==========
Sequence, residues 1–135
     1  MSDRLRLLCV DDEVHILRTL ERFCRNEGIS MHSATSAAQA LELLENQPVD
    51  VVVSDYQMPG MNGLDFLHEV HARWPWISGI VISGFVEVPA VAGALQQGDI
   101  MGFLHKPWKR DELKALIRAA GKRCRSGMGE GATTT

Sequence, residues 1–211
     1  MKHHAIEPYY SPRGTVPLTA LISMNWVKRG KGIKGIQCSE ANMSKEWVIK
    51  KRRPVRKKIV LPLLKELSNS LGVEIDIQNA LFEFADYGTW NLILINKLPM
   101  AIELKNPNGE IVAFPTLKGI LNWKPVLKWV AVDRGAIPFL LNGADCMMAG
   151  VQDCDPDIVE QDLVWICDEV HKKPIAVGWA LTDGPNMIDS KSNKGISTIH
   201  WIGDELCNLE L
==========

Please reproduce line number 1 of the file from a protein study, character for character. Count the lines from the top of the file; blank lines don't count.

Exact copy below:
Sequence, residues 1–135